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  • I did give examples of Bevell's play calling stating that certain formations meant one or two plays only from those formations. Diags got after me for it, but I stand by the assertion. It was not until the Lions game that it was changed. Whether that was Pete saying, we need to stick to the basics on this stuff until Wilson gets to the point I want him at or not is the question.

    When Pete stated that he opened up the offense is when all of that changed. I know that most fans out there do not understand the chess game that is play calling, so I will try to explain some of it. You show things to the opponents coordinator by formation and the routes you have your players run. It is like magic shows. You show them one hand while the other hand is doing the actual work. Bevell did a great job building on the plays he called early when he changed things up.

    Now, my biggest criticism of Bevell that happened throughout the year is that quite a few of the plays he has end up with the receivers too close together. There were no fewer than 9 instances of one receiver catching or knocking down a pass that was intended for a different receiver. Part of that is that the other receiver in the pattern was isolated on one side of the field and we were trying to pull the safety to the side with the multiple receivers, but the isolated receiver still didn't get the separation desired to make the throw.
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  • Scottemojo wrote:
    MontanaHawk05 wrote:I too see nobody actually giving examples of how Bevell's play-calling was bad, except for sporadic instances. We were one of the hottest offenses in the league after Week 5.

    I will be compiling my list and checking it twice.
    Serious question, Brandon. Do you think it was entirely necessary for Seattle to have the highest run split in the league?


    Pete took responsibility for that early on.
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  • Scottemojo wrote:
    MontanaHawk05 wrote:I too see nobody actually giving examples of how Bevell's play-calling was bad, except for sporadic instances. We were one of the hottest offenses in the league after Week 5.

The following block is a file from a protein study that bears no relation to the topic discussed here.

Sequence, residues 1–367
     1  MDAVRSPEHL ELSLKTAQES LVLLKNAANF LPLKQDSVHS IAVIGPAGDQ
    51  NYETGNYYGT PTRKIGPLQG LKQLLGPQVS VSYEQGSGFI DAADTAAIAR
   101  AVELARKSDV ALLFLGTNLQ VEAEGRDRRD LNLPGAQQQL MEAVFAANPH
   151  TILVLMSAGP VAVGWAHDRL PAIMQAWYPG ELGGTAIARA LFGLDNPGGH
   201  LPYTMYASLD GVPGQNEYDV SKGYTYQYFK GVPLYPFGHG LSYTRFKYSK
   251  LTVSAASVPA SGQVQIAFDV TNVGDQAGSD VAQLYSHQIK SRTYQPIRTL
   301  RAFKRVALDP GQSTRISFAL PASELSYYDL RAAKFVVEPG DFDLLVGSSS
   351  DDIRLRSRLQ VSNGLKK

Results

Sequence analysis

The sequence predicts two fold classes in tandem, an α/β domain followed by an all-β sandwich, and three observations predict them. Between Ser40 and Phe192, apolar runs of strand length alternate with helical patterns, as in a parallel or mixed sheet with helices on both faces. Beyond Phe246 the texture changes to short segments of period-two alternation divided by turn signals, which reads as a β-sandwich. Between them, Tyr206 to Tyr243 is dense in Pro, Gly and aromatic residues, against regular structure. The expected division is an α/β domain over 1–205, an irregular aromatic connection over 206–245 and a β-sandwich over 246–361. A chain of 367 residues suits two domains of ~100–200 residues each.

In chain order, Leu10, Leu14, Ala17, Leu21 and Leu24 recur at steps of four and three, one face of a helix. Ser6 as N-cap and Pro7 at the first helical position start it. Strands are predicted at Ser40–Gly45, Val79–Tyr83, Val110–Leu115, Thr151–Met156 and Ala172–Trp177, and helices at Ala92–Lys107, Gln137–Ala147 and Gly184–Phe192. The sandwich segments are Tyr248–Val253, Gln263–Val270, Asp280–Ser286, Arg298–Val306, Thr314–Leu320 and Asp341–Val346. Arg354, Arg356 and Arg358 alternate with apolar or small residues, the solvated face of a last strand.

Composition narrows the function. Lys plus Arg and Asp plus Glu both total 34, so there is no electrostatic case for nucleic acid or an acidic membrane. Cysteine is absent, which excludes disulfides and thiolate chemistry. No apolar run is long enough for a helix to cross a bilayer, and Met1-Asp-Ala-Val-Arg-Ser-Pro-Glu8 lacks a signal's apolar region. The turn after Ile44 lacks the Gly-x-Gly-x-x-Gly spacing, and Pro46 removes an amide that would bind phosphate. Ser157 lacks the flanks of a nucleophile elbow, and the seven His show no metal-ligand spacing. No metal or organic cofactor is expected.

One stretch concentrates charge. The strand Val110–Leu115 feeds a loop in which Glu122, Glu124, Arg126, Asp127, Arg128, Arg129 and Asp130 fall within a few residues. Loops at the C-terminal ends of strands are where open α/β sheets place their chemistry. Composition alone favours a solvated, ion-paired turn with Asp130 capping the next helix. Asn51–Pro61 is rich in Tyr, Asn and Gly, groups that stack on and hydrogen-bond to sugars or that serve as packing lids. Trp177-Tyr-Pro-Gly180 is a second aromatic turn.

I will be compiling my list and checking it twice.
    Serious question, Brandon. Do you think it was entirely necessary for Seattle to have the highest run split in the league?


    Like CALIHAWK1 said, I think a lot of that had to do with protecting Wilson early on. I also wonder what that split would look like without so many of Wilson's passing attempts turning into scrambles for various reasons. Maybe your split accounted for that, but Wilson was one of the league's most scramblesque QB's.

    I agree with BASF's assertion that play-calling lies more in the looks given than in the plays executed. Running three times in a row is not an inherently dumb idea. Just because a team runs to the left on one play doesn't magically make it more probable that they'll do it on the next play. So unless the formation is giving too much away, I place the blame for failed plays more execution than calling.

    And honestly, I just don't remember nearly as much run-run-pass as Roland does from this season. I think a lot of us are fixated on such series because we hate them so much, and notice them more easily than we notice the alternative. In fact, towards the middle of the season I did some play-charting and saw that Seattle was passing on first down much more often (like 74% over some interval that I've now forgotten) than we were running.
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  • This is a key move for the future of the Seahawks and Russell Wilson

    I'm sure there will still be irrational hate towards Bevell, but those people can just hush since they're ignoring the facts anyways.
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  • I'm glad we have him for at least another year. If we have the same or better success next season he will be a head coach somewhere IMO.
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  • MontanaHawk05 wrote:And honestly, I just don't remember nearly as much run-run-pass as Roland does from this season. I think a lot of us are fixated on such series because we hate them so much, and notice them more easily than we notice the alternative. In fact, towards the middle of the season I did some play-charting and saw that Seattle was passing on first down much more often (like 74% over some interval that I've now forgotten) than we were running.


    You're projecting. I never gave a number or percentage, I simply said it's too much. Chart the success of our run-run-pass sets of downs compared to any down we start with a pass on, I suspect you'll see a ginormous discrepancy.